My theory is that if [Other Driver] blats past a camera and it flashes (or a car that then turns out to have concealed flashing lights on/in it) then that’s their problem rather than mine. And it gives me time to slow down before getting to the camera myself.
I was told that’s callous and calculating. I think it makes sense.
Surely I’m not the only driver that does this?
On Sunday, I trolled off down to Brighton for the day. I haven’t been there in years – the last time was a flying visit five years ago for an interview, and before that it had been a number of years too – but realised it’s just about the same distance as Felixstowe is (they’re both a two-hour drive time) to get to, so what the hell.
I don’t know Brighton as well as I should, and so having a wander around was also appealing. It’s on the list of ‘places I could re-locate to at some point’, so seemed like a worthwhile explore – and I was right on that score.
Being December, it was pretty blowy and chilly – although less cold than a December Sunday would suggest – but that’s never bothered me all that much. I lived by the South Coast for a couple of years before, and have no real issue with cold. That was the flat where the freezer shut off because it was colder outside the freezer than inside it, and where more than once I woke up with frost on the top of the duvet. Sunday, by comparison, was almost summery.
As it turned out, the weather made it ideal for what I actually wanted – waves, and the sound of the sea on shingle beach. Walking along one of the groynes/piers (not one of the Proper Piers, but the little jutty-out ones) was a joy, just for getting out to be where the waves were hitting the beach.
And then the sun came out, and it was even better…
All told, I think it’s a place I’m going to go back to a lot more in the coming year. It’s an easy run, and I think I could really get to quite like the place.
There’s others still on the list too – something I’ll be writing about at some point this month, I’m sure – but yeah, Brighton is definitely now more of a destination, and pretty high on the possibility levels too.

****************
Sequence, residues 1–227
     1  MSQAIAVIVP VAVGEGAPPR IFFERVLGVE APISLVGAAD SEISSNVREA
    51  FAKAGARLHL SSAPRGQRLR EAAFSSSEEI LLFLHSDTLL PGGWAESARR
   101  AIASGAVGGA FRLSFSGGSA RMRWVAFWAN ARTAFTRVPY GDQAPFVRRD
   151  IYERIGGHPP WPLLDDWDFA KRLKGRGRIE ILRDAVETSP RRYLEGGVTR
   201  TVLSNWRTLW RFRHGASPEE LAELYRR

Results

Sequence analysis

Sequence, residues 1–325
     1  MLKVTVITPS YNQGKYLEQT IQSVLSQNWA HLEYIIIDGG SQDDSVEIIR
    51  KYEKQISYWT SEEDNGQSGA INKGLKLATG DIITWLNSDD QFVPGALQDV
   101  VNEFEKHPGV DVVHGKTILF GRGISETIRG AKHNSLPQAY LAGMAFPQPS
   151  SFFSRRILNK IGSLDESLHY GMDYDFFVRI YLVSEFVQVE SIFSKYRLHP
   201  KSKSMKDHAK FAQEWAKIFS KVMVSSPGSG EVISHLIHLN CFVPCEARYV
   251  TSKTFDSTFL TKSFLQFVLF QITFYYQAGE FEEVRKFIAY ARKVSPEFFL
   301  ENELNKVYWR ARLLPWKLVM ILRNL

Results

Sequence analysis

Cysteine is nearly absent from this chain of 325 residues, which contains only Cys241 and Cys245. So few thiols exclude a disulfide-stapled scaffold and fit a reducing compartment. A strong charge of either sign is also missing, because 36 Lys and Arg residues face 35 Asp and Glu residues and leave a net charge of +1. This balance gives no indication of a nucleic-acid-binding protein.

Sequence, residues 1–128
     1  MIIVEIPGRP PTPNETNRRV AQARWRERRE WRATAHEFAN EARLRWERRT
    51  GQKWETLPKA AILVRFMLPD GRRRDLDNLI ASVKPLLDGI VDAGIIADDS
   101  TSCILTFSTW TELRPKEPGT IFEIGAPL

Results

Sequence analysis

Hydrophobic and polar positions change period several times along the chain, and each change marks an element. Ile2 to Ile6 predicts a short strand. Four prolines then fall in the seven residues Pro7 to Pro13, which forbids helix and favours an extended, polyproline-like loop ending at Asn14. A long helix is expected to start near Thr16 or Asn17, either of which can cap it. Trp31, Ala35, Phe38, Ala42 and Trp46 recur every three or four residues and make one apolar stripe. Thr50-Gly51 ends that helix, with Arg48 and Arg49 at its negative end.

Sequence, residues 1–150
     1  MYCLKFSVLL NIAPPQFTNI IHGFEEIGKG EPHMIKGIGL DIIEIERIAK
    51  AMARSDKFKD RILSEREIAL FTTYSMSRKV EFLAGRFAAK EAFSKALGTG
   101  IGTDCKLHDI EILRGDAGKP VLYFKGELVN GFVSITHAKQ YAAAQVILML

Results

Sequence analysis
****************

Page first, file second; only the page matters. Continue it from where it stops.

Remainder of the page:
Following on from last week’s day-trip to Felixstowe for coastal stuff, today I’m off – assuming vaguely decent (or at least non-abysmal) weather – down to Brighton for similar reasons.
I realised afterwards, looking at maps, that actually the two places are a very similar drive-time (and indeed mileage) away, so sod it, go for something different.
I haven’t been to Brighton in yonks – well, I had an interview there a few years back, but that doesn’t really count – so it’ll be fun to go back, and have a wander around, plus spend some time on the beach (I know, it’s stones rather than sand) and see how things go.
That’s the plan, anyway. I’ll update later/tomorrow with how it goes, and any relevant photos etc.
At the moment I seem to spend far too much of my available non-work time on the road, so I notice stuff around me.
Over the last couple of weeks one of the motorway gantries on my route (the ones with speed cameras on) has been out of action, so there’s been a small – but noticeable if you pay attention – yellow sign saying
Camera not in use
Today though, I noticed that it has changed, and now says
Camera now in use
And lo, there we go, seeing it flash on speeders.
It just struck me as interesting, the simple alteration of one letter that means so much, and changes the whole thing – and I wonder how many people notice/realise.
Yesterday I did – yet another – circumnavigation of the M25 in one day. It’s quite a childish thing, allbeit not something I do on a whim, but sometimes it amuses me. The main difference this time was that I did it anti-clockwise, which for some reason I do less often.
Yesterday was a drive from home to parents in Oxford, collect them and drive them to Dover (they’re off on a holiday) and then back round to the M1 to go home. It also involved a trip into the office – that’s a post for another time – so all told I covered about 350 miles in the day.
Anyway, all well and good, and I’m still alive. Just currently snowed with work-related stuff, hence the paucity of postings here.